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Timber Harvesting in Shoreland Zones - Maine


Updated January 2014

Timber Harvesting in Shoreland Zones


22 State House Station, Augusta, ME 04333


What is Shoreland Zoning?


Municipal Shoreland Zoning is a law that applies to water bodies and wetlands, but only in organized towns that

have not adopted Statewide Standards for timber harvesting in shoreland areas (see information sheet 25). To

find out whether shoreland zoning or statewide standards apply in a particular town check the Maine Forest

Service (MFS) statewide standards website: or contact the MFS.


The Department of Environmental Protection (DEP) establishes minimum standards that must be included in

locally adopted municipal shoreland zoning ordinances. Once adopted, each individual town is responsible for

administering and enforcing their ordinance. Shoreland Zoning requirements will not necessarily be the same in

every town. Municipalities can adopt more restrictive standards than those contained in DEP’s minimum



Where does it apply?


Shoreland zoning applies, at a minimum, to the following areas:  within 250 feet of


o Great Ponds (ponds larger than 10 acres)

o Rivers (below the 25 square mile drainage point)

o Tidal waters and coastal wetlands

o Non-forested freshwater wetlands >10 acres


These areas are typically designated/zoned as “Resource Protection”, Limited Residential”, “General

Development”, or other designations.


Within 75 feet of Streams below the outlet of a Great Pond, or below the juncture of two 1st order



1.  These areas are typically designated as “Stream Protection”.

2.  Towns may choose to zone additional areas if they choose.

3.  Each town must have a Shoreland Zoning Map available to the public. Looking at the town Shoreland Zoning

Map is the only way to be certain of how a particular area is zoned.


What are the restrictions on timber harvesting?


Timber harvesting is allowed in most shoreland areas, though there are several restrictions on timber harvesting,

clearcut openings, slash, stream crossings, and exposure of mineral soil.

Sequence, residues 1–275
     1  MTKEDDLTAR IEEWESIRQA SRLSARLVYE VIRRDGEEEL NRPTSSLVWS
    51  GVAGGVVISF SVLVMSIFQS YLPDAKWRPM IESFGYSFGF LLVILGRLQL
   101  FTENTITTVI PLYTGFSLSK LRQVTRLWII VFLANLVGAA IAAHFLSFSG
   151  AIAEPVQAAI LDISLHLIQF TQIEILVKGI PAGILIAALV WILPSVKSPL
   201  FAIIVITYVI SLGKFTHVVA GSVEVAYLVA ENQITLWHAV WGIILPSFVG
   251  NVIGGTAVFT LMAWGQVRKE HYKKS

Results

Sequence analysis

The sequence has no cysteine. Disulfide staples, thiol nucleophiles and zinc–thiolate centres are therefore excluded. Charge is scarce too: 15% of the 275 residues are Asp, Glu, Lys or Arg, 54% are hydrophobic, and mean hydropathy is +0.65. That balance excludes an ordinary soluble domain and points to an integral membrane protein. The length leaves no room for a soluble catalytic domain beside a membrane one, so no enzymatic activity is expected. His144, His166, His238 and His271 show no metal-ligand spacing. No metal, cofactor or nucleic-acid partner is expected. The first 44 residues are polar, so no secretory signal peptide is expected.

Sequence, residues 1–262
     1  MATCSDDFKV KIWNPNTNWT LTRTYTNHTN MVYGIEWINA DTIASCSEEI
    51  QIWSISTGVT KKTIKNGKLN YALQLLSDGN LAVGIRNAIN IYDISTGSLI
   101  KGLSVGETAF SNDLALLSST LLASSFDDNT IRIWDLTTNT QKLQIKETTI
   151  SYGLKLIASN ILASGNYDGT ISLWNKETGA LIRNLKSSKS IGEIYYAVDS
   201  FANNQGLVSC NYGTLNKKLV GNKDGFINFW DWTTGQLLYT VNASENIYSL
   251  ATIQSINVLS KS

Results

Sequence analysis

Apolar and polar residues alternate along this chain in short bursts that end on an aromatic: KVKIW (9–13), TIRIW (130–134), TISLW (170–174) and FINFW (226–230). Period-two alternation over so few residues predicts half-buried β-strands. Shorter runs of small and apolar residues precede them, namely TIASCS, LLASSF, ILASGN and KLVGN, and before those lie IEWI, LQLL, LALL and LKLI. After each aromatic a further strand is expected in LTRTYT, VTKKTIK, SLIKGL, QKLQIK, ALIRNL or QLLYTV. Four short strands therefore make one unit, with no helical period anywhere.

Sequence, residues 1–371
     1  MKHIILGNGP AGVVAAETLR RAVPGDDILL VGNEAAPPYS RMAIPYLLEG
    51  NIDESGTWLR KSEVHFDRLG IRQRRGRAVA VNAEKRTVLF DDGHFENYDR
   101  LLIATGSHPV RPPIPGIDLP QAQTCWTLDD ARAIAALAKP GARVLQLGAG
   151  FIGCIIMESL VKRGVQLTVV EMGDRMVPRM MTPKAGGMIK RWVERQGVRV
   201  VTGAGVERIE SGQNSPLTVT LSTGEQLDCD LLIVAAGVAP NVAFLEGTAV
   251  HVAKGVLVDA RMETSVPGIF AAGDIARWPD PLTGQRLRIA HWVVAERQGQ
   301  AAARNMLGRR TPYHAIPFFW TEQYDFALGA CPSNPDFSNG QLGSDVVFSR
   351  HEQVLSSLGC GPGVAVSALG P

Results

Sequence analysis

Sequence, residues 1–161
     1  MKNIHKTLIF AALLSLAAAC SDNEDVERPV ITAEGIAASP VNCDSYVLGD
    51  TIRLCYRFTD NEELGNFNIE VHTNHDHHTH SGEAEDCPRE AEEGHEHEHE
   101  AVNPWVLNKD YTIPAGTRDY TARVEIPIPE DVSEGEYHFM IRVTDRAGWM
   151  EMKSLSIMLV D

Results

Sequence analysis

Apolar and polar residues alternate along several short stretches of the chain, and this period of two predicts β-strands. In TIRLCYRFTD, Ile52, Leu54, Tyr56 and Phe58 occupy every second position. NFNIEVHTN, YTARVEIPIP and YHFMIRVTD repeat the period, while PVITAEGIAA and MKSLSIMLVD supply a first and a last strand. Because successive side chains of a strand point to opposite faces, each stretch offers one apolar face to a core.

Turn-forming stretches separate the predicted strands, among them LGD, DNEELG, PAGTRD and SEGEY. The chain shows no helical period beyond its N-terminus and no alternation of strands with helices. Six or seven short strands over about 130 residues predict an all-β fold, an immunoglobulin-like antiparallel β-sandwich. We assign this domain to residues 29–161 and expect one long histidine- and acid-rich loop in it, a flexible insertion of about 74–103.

1. On Great Ponds in areas zoned as Resource Protection, there is no timber harvesting within 75 feet of

the water (except to remove safety hazards). However, towns may adopt an ordinance that allows up to

30% of the volume of trees to be removed in any 10-year period, if marked by a professional forester

and removed during frozen ground conditions. A permit from the Planning Board is required.


2. Elsewhere, no more than 40% of the volume (not number of trees) may be cut in any Shoreland area in

any 10-year period. You may exceed 40% if you get a permit from the Planning Board (if necessary for

good forest management).


3. No clearcut openings are allowed within 100 feet of a Great Pond or river flowing to a Great Pond, and

within 75 feet of other affected water bodies and wetlands.


4. Beyond these distances noted in 3., no openings may be greater than 10,000 square feet. Openings

greater than 5000 square feet must be at least 100 feet apart.


5. Slash must be removed from water bodies, and no accumulation of slash may be left within 50 feet of

any waterbody under Shoreland Zoning. Slash in all shoreland areas must be lower than 4 feet above the



6. Streams may not be used as travel routes (unless frozen and undisturbed).


7. Crossings of flowing water in any Shoreland Zone require a bridge or culvert, unless there is a hard

stream bottom and low firm banks that will not be disturbed.


8. Stream crossings by equipment trails must not carry runoff directly to the waterbody.


9. Temporary crossing structures shall be removed and areas of exposed soil shall be re-vegetated.


10. All equipment shall operate in a way that prevents the exposure of mineral soil within 75 feet (or more

on sloping ground) of the waterbody.

Note: Timber harvesting does not include clearing land for development. These activities fall under a separate

set of rules.


Can roads be built in Shoreland Areas?


Building roads requires a permit from the Planning Board. No roads may be built in shoreland areas zoned as

Resource Protection unless they access other permitted uses, or there is no reasonable alternative.


Any permitted roads must be set back at least 100 feet from Great Ponds, and 75 feet from other water bodies

and wetlands under shoreland zoning.


What about other land uses?


Many other land uses, especially filling or moving of earth, construction of buildings, or other development,

may require permits from the town Code Enforcement Officer or the town Planning Board. Landowners should

communicate directly with town officials before undertaking these activities.


The above information is intended only as a summary of Shoreland Zoning requirements, and not as a legal

reference. Landowners, foresters, and loggers should consult with town officials before operating in Shoreland

Areas to determine local requirements.


Other laws may also apply, especially the Natural Resources Protection Act (NRPA). For additional assistance,

please contact the Maine Forest Service, or the Department of Environmental Protection (207 287-2111).

Landowners in unorganized towns are subject to Land Use Regulation Commissions Districts and Standards.


For more information, please contact:

Maine Forest Service



22 State House Station

Augusta, ME 04333-0022

(207) 287-2791 or


​Maine Forestry

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